I previously posted what I was planning to say, which I did, at the Conference on "The Financial Crisis, the US Economy, and International Security in the New Administration," organized by James Galbraith at New School University on Nov. 14, and sponsored by Economists for Peace and Security. They will have a full video up at some point on their website at http://www.epsusa.org, and currently have the full program. I shall focus on main points presented by others, with an emphasis especially on new policy proposals, and will not cover the remarks by quite a few who spoke. I may add more later.
Galbraith indicated he would be presenting many of the ideas to the Obama economic transition team this week, as well as in a keynote address he gave yesterday to Congressional Democrats at EPI.
Galbraith was the first speaker and recounted points that have appeared in an article by him in this month's Challenge magazine. His main proposals were to revive the New Deal Housing Ownership and Loan Corporation (HOLC), strongly supported by others as well, to reinstitute general revenue sharing to support state and local governments, to institute an infrastructure investment fund, with emphasis on green technologies, and to increase social security benefits.
Joseph Stiglitz called for converting the housing tax deduction to a tax credit for poorer homeowners, for the government to make mortgage payments for those who become unemployed, and to institute a law forbidding US banks from dealing with foreign ones that do not conform to global banking standards.
Pierre Calame supported establishing global commodity buffer stocks to moderate price fluctuations of basic commodities.
Allen Sinai forecast a 24 month recession, which he considers to have begun in January 2008, and called for a $350 fiscal stimulus package. Others called for larger such packages.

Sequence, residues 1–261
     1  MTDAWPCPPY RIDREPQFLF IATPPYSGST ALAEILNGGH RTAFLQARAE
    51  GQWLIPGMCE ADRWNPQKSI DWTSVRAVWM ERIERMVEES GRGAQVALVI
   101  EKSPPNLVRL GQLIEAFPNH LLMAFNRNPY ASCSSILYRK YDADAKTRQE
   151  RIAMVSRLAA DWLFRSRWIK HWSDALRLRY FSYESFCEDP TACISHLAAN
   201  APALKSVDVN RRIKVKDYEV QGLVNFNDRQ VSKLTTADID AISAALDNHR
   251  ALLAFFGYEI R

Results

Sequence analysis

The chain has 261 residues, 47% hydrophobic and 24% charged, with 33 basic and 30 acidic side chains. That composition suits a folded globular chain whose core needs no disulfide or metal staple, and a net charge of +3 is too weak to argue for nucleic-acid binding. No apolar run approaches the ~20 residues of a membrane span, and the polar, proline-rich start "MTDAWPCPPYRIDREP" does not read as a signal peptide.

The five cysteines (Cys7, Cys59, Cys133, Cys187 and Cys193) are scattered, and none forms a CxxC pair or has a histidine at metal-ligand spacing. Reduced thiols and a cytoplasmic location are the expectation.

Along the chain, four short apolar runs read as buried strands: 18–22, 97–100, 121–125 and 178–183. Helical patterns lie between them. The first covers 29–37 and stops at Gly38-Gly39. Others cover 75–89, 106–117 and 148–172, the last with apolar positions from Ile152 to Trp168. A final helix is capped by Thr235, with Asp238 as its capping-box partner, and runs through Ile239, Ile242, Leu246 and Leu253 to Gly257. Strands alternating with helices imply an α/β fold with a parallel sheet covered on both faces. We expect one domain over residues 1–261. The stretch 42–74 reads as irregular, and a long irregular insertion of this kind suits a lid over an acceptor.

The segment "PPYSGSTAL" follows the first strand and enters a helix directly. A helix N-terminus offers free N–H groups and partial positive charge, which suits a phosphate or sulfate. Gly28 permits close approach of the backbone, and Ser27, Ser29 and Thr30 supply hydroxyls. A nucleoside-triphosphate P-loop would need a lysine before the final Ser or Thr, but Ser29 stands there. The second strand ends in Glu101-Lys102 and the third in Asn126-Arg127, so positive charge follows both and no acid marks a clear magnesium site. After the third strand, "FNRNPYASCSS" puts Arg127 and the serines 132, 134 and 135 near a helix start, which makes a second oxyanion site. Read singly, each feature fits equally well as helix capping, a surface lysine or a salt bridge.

Teresa Ghilarducci supported Galbraith's proposal on converting tax deductions to credits, and also supported having the government pay employers' contributions to fica for the duration of the recession, and finally a much-discussed proposal to lower the medicare eligibility age to 55.
Perry Mehrling provided an insightful account of how the Fed has become effectively the world's central banker, taking much of the world's dodgy paper onto its books. He proposed establishing an insurance scheme for credit-default swaps that would involve them providing appropriate collateral, and would also requiring turning them into operating with transparency through an exchange rather than over the counter.
Gary Dymski supported my proposal for using shared appreciation mortgages and called for more direct efforts to prevent "exploitative" housing lending, as well as directing some of the infrastructure spending towards housing, high speed rail networks, and such social support services as child care.
John Eatwell called for increasing the regulatory authority of the IMF, noting that the Forum for Stability has many ideas that it could use. This did not come out of the G-20 summit, but another idea he supported did, that of establishing "colleges of supervisors" (Eatwell said "regulators") in which the regulators meet and coordinate their activities from the main nations that a particular multinational financial entity operates.
Paul Davidson supported establishing the 1944 "Keynes Plan" that would have a strong central bank, with international clearing units, and a responsibility placed on surplus nations for making adjustments. With the large stimulus plan in China happening, this may be occurring to some degree at this time, especially as the Chinese seem to be allowing some RMB appreciation.